I spent the afternoon at Fenway with my father yesterday, taking in a beautiful day and one of the rare Red Sox games that moved at a brisk pace, as they played ten innings in under three hours. In the middle of that game, with the Sox still hitless, my father said something I never thought I’d hear leave his mouth. No, he didn’t tell me he was proud of me: he saves that for special occasions, like my college graduation and that one time I didn’t cry after making the last out in Little League. Instead, when we were talking about the team’s offensive struggles, he didn’t use batting average or runs batted in to document them, but OPS (which is on-base percentage plus slugging). This was almost as remarkable as him remembering to bring sunscreen and as unexpected as the back-to-back homeruns that allowed the Sox to walk off with a win.
My father has, for a long time, simply dismissed advanced statistics in baseball. He doesn’t necessarily think they’re wrong or bad, but superfluous. He was convinced that whatever he needed to know about a player, he could tell from batting average, HR, RBI and the fact that he hasn’t missed a game on TV since the Carter administration*. While I was reading Bill James and Alan Schwarz, and poring over Baseball Prospectus every March, my father sat in his overstuffed chair and “just watched the damned game.”
Maybe it’s the three World Series championships wrung from advanced statistics, or the fact that the announcers mention the statistic now and then. Perhaps, over time, OPS has simply become accepted as another stat and is no longer thought of as “new.” I mean, he wasn’t referencing WAR or VORP, and I don’t expect him to start going on about how Brandon Workman’s success is in large part a result of an unsustainable BABIP.
But almost twenty years after I first saw a Baseball Prospectus on the shelf at Borders*, some of the sabermetrics that were once only the province of nerds like me are understood and employed by fans who once scoffed at them, including my old man. They have become more commonplace because they expand our understanding of what goes on in the same and because the people who use them have started to do a better job of explaining how they do so. There will always be some folks who are suspicious of new concepts and novel explanations and statistics, but these advanced statistics are more likely to grow in use rather than lose the foothold they’ve gained.***
But you’re not here to read about baseball. To be fair, you’re probably not here to read about soccer either. But you’ve read a long way for having come here after googling for “hot mexican lady soccer o face,” so stick around.
Soccer has a nascent stats and metrics movement as well. Folks like James Grayson (@JamesWGrayson if you’re on the tweetbox) and Daniel Altman (@altmandaniel) have done a lot of work in trying to explain what happens on a soccer field, and then explain it to the rest of us. Michael Caley (@MC_of_A) is working the same territory, and also happens to have the good taste — if poor judgment — to be a Spurs fan. Michael Cox (@Zonal_Marking) concentrates more on tactics and formation than advanced statistics, but presents a different side of the game than you’ll usually see on TV or the internet. If you’re looking to learn more about the game within or underneath the game, follow these folks on twitter during matches and read their work before/after them.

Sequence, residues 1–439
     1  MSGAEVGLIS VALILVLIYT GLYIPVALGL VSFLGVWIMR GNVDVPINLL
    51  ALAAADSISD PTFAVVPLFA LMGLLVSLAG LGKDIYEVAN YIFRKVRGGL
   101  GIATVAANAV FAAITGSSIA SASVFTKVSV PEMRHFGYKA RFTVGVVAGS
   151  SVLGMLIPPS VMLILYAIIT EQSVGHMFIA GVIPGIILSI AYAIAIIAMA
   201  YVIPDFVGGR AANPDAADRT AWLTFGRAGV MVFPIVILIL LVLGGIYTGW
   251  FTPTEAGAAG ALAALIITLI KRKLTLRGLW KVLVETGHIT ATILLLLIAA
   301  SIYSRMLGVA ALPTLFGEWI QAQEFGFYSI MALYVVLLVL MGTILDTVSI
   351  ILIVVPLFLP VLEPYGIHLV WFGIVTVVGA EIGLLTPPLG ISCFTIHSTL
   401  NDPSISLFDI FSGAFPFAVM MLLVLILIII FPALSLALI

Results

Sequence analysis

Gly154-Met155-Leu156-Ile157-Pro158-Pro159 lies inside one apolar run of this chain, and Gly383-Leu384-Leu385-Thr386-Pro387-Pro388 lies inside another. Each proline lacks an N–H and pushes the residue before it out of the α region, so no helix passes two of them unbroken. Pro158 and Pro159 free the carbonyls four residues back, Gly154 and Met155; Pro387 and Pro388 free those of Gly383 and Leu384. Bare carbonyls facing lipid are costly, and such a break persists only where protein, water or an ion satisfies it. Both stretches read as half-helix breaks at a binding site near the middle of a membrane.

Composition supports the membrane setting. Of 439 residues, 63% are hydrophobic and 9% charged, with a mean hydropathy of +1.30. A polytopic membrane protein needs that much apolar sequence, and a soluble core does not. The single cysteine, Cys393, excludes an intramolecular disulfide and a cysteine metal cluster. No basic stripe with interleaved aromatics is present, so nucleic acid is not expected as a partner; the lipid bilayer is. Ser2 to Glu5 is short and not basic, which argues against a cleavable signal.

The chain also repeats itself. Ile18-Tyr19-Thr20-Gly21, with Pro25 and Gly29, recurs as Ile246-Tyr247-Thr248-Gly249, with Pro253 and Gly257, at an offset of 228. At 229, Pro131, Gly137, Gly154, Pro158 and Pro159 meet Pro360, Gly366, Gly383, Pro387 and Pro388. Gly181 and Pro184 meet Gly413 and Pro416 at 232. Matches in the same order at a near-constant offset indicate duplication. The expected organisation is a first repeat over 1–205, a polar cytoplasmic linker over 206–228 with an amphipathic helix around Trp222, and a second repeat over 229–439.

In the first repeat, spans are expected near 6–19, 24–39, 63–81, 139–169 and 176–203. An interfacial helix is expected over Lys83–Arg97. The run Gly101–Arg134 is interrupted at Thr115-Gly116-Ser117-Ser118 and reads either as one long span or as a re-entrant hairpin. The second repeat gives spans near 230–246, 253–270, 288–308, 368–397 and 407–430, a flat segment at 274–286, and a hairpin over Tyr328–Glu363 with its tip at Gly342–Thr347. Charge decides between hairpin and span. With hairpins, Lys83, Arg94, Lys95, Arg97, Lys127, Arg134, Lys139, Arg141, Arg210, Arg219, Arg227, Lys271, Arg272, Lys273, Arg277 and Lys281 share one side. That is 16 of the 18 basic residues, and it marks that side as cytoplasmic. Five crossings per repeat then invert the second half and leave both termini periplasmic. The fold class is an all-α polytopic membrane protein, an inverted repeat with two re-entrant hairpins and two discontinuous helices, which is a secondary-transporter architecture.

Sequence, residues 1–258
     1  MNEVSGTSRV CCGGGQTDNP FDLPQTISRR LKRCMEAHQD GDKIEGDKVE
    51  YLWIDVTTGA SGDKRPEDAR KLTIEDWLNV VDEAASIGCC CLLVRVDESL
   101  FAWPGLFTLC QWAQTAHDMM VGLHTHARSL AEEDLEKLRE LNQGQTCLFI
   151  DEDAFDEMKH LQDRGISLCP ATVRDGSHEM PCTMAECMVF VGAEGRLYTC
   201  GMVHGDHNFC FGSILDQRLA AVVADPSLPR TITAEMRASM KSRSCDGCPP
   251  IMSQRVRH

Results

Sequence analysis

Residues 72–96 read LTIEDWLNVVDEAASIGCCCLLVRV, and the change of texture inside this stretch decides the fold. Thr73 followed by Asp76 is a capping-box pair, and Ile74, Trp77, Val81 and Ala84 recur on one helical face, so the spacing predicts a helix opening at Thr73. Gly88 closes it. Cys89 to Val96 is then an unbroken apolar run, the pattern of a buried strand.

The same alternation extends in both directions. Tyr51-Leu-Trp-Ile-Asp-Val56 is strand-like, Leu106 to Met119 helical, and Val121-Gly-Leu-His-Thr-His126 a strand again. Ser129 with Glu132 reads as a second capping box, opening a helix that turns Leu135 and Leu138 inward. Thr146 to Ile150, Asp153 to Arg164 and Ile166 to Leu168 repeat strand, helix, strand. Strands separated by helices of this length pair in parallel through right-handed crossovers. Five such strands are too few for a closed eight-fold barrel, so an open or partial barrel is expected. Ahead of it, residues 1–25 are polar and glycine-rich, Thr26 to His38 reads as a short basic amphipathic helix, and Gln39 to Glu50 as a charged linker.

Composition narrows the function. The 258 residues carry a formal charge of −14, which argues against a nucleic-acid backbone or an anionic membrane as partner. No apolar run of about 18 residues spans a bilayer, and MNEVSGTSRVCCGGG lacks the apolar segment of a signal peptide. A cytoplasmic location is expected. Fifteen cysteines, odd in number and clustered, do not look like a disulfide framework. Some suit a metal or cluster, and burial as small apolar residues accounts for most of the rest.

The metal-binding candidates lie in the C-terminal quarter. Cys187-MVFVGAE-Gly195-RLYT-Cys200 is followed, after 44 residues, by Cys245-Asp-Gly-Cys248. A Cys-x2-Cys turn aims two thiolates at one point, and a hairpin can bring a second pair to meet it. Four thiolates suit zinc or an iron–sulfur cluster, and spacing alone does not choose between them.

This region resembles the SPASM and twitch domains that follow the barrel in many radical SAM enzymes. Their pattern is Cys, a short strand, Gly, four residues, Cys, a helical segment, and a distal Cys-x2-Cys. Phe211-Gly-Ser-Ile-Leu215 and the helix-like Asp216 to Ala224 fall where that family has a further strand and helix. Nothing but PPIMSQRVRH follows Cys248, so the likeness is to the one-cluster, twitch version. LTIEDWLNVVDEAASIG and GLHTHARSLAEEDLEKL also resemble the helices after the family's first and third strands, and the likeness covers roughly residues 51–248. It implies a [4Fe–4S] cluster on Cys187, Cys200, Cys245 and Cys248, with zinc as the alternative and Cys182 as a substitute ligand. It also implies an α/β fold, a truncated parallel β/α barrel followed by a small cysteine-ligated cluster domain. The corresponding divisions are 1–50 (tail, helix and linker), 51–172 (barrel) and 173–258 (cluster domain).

I say all this because I did not get to watch any of the games yesterday, and so I can’t offer you anything other than what those guys have said about them. Spain is out, with another disaster of a game, and an embarrassment of a performance. Australia actually stuck with the Netherlands, but I can’t tell you if it was luck or design that put them in that position. Cameroon: “oh buddy.” Croatia now have a chance, but they’ll need to play much better against a determined Mexico squad than they did against the Extremely Domitable Lions if they are to go through. That match should be amazing though.
Noon: OOOH. This could and should be a very fun match. Côte D’Ivoire played some of the most aesthetically pleasing soccer of the first week and look like they might finally be putting it together as their window closes. Colombia, though, are still the favorites and would like to secure first place in the group. Both teams will be gunning for first place, which means trying to score goals, which means — one hopes — excitement.
(ed. update); This ALL THE TIME:
3:00: England need to pick themselves up after the disheartening loss to Italy. I thought they looked much better than the scoreline would suggest, at least in the first half. Once they went behind, however, it was as if they had no answer for the Italians sitting back and absorbing pressure. England will need one if Uruguay respond to their surprising shellacking at the hands of Costa Rica. If Luis Suarez is actually fit and able to contribute, he and Edinson Cavani could easily test the English defense, while Diegos Godin and Lugano are up to the task of choking off anything and everything England try to run up the middle.
6:00: Oh look! This game will be terrible. Do not encourage Greece by watching this match. Just pray that Japan scores first and early so the Greeks cannot just stack all eleven of their players across the goal mouth — unless it’s on some Cask of Amontillado type shit. That would be cool.
Enjoy the games!
*This may be an exaggeration, but it feels true.
** You know it was a long time ago because I was in an actual bookstore, and one that I don’t think even exists anymore.